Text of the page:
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Top General in Afghanistan: U.S. Strike on Hospital a Mistake

U.S. General on Afghan Airstrikes: ‘A Hospital Was Mistakenly Struck’ 1:44

Gen. John Campbell, the top U.S. commander in Afghanistan, revealed for the first time Tuesday that U.S Special Operations Forces "were in close vicinity" to the Doctors Without Borders hospital in Afghanistan and were "talking to the aircraft" that launched airstrikes that killed 22 people.

"On Saturday morning, our forces provided close air support to Afghan forces at their request. To be clear, the decision to provide aerial flyers was a U.S. decision made within the U.S. chain of command," Campbell said. He added: "A hospital was mistakenly struck. We would never intentionally target a protected medical facility."

In testimony before the Senate Armed Services Committee, Campbell also said that even though Afghan security forces asked for U.S. air support, it was up to the American forces to conduct a "rigorous review" of the conditions on the ground before launching an attack.

Citing the military investigation, Campbell said he could not offer any additional details.

Related: Pentagon: Afghan Forces Asked For Airstrike on Hospital

Campbell said the Afghan security forces, primarily police in Kunduz, were taken by surprise by the Taliban assault. Since then, Afghan military forces have retaken the city from the Taliban forces.

Campbell also suggested that the recent resurgence in Taliban attacks and the presence of additional militants, including ISIS fighters, could require a change in President Barack Obama's plan to withdraw almost all American forces from Afghanistan by the end of 2016.

General Promises 'Transparent' Probe Into Afghan Hospital Airstrike 1:35

"A lot has happened" since the president's decision, Campbell said. "Based on conditions on the ground, I do believe we have to provide senior leaders with options."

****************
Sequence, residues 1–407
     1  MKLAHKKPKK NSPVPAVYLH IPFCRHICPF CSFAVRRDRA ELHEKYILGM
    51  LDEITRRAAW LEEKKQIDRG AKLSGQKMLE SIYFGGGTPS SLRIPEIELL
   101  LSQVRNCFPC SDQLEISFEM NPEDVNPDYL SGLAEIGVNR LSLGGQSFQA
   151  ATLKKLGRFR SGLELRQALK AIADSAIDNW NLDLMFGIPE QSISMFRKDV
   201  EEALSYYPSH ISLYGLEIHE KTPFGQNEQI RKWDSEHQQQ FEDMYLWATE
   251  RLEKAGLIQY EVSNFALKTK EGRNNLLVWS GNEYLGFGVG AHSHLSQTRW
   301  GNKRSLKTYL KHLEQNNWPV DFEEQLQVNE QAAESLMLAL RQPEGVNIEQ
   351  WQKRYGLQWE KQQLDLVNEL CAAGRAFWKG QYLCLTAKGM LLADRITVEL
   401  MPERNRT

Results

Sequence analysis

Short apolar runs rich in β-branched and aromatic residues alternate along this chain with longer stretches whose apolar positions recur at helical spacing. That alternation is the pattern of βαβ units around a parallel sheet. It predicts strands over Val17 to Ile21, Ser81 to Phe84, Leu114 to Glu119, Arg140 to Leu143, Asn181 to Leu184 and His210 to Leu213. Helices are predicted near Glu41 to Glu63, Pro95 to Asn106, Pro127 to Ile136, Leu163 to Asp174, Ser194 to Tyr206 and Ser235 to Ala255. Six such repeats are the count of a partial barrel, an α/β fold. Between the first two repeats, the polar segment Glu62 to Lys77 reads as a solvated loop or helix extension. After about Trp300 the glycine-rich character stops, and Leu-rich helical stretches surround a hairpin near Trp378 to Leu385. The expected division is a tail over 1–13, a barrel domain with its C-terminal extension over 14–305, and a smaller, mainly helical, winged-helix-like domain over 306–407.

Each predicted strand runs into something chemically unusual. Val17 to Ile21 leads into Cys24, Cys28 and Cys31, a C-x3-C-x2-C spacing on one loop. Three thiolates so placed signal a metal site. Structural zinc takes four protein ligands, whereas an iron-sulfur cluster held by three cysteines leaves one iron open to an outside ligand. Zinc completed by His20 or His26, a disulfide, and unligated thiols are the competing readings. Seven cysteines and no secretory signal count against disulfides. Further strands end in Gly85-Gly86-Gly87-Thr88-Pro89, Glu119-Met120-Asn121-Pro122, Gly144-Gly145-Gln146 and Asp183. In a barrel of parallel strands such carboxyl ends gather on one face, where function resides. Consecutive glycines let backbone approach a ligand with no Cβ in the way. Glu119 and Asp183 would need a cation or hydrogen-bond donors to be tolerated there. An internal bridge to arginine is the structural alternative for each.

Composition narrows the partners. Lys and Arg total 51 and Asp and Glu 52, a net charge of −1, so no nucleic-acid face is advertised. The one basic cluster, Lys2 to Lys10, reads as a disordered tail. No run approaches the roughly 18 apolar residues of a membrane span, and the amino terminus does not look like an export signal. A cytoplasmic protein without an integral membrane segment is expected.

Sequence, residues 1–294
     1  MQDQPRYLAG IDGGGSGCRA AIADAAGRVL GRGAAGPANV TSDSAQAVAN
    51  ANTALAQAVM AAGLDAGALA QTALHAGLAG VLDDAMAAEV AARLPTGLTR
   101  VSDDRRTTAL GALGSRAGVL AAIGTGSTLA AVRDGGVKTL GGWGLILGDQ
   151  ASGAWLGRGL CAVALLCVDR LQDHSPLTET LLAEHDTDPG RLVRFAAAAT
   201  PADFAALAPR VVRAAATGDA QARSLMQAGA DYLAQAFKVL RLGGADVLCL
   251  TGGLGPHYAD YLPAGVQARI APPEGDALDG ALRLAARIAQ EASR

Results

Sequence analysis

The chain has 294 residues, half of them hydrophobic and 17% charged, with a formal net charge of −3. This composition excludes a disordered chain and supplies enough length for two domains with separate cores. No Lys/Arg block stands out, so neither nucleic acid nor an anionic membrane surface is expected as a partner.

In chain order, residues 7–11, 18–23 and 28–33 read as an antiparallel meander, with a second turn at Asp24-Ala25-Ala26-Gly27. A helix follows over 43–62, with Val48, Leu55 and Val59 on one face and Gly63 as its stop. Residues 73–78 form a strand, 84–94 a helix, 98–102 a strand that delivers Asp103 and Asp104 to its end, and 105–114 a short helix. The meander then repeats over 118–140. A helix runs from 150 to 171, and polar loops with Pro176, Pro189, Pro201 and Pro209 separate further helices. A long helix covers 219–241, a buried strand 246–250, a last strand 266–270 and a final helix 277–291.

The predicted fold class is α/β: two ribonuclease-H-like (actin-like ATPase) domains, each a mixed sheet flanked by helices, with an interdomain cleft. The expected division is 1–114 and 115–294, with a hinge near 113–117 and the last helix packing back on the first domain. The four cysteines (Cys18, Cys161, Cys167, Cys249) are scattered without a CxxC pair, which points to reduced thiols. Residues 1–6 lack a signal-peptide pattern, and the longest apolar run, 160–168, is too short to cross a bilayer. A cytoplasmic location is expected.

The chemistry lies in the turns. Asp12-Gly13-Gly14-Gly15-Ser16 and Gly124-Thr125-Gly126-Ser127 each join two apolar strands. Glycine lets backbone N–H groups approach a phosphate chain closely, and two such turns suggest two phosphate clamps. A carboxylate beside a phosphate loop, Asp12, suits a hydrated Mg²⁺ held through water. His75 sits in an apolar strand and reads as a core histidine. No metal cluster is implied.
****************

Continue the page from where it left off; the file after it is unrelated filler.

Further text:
Campbell did not provide numbers, but before leaving his position as chairman of the Joint Chiefs of Staff, Gen. Martin Dempsey provided the White House with a plan that would leave at least 5,000 American service members in Afghanistan beyond the president's 2017 deadline.

Sen. John McCain, R-Arizona, chairman of the committee, warned that sticking to the current drawdown plan could plunge the country into further chaos.

"It is not too late for President Obama to abandon this dangerous course and adopt a plan for U.S. troop presence based on conditions on the ground," McCain said. "But time is of the essence, and continued delays by the White House are hurting our national security interests and those of our partners in Afghanistan and beyond."

Some Democratic lawmakers also expressed concern with the plan to draw down troops.

"I strongly believe that the U.S. force posture in Afghanistan going forward should be shaped and resourced to enable you, General, to achieve your mission's objectives, based on conditions on the ground," Sen. Jack Reed of Rhode Island said in his opening statement.